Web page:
Scott Monty

Scott Monty
 

Here we go again

When it comes to social media, we've encouraged brands to "join the conversation" and "become more human." But there's a limit. Or there should be.

Tomorrow is the 49th Super Bowl, and in the minds of marketers, it's the anniversary of the Tweet Heard Round the Marketing World - Oreo's "dunk in the dark tweet." And ever since then, everyone's been trying to be Oreo.

Quite frankly, they need to simply to a better job at being themselves.

You know the humanization thing has gone too far when you've taken your product - an inanimate object with no emotions (or even eyes!) and not only named him, but appointed him your social media voice.

To wit: Tostino's own Pete Zarroll. Now, for you football fans, that does not rhyme with Pete Carroll. It's the anthropomorphic version of "pizza roll." Yes, that's right.


Well, this evening - a full 24 hours before the Super Bowl - Totino's managed to post all of their tweets, which were scheduled and clearly meant for the Big Game as part of a "real-time marketing" effort (full screenshot below). And after the entire barrage was posted, the account still hasn't noticed or deleted the tweets.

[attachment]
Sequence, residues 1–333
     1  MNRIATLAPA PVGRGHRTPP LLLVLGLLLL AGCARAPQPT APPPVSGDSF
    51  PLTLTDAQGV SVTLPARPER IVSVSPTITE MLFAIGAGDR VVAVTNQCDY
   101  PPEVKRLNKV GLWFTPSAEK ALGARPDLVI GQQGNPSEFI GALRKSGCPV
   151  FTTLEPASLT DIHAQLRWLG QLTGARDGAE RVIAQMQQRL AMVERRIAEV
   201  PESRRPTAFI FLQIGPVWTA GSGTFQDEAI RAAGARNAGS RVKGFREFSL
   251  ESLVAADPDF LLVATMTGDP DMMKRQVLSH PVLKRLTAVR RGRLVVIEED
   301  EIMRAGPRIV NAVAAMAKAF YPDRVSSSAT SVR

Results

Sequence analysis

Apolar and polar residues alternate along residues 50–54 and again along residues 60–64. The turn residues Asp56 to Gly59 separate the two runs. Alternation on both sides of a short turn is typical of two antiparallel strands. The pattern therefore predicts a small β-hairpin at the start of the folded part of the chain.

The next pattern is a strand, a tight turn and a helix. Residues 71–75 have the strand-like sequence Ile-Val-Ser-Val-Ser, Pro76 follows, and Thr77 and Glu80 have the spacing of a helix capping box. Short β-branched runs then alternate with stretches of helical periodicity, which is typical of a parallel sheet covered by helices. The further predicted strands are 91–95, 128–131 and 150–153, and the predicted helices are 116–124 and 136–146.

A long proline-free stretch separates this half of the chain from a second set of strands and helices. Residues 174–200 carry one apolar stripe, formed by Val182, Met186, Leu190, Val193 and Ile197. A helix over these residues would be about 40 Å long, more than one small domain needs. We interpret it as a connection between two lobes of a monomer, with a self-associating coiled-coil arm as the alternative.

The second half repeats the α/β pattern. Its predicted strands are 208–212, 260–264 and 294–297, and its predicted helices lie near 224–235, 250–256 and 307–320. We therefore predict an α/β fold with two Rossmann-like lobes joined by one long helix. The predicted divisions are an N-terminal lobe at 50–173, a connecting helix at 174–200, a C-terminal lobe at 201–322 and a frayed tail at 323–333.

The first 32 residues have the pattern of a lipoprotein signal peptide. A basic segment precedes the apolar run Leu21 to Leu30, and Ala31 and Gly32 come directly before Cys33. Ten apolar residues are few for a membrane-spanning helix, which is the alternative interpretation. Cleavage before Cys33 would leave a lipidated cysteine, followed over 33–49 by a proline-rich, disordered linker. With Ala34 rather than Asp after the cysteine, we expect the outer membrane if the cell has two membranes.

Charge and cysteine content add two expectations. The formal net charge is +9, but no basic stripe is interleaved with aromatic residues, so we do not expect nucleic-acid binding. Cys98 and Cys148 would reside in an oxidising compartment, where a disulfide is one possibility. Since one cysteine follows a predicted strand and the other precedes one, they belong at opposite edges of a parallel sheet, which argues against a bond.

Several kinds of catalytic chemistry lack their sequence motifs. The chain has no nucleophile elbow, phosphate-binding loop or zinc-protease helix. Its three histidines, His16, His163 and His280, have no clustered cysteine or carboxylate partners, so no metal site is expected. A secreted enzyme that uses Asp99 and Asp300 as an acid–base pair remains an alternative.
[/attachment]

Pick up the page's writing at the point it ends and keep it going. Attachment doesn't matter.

So either this is the worst case of managing an automated content feed, or we've been played into noticing it and talking about Totino's. Either way, it's a shame. It insults consumers' intelligence and it's insulting to the marketing community.

First of all, brands should not be planning out exactly what they're saying in a commentary like this. The nature of Twitter is that it's reactive and immediate. It's like practicing a standup routine before a party and just showing up and performing it without any regard to anyone else at the party. [Ref. the Seven Deadly Sins of Social Media by Tom Fishburne]

And let's give Totino's credit for being clever and creating a fake crisis the day before the flurry of ads. What did they gain? The adage that "any PR is good PR" is something that likely emanated from the mouth of its ad agency, if that's the case. Frankly, this doesn't do them any favors. It gets people to assume they're clueless about how to run their account.

Best comment I saw came from a Facebook friend:

"well, a day early, their feed is more delicious than their snacks."

Whatever the "strategy" here (and I use the term loosely), in neither case does it make me want to go out and buy their product. Sorry, Pete. You won't be able to scream as a gnash you up and throw you down my gullet.

Call me a humanist.



Image credit: Ron Mader (Flickr)

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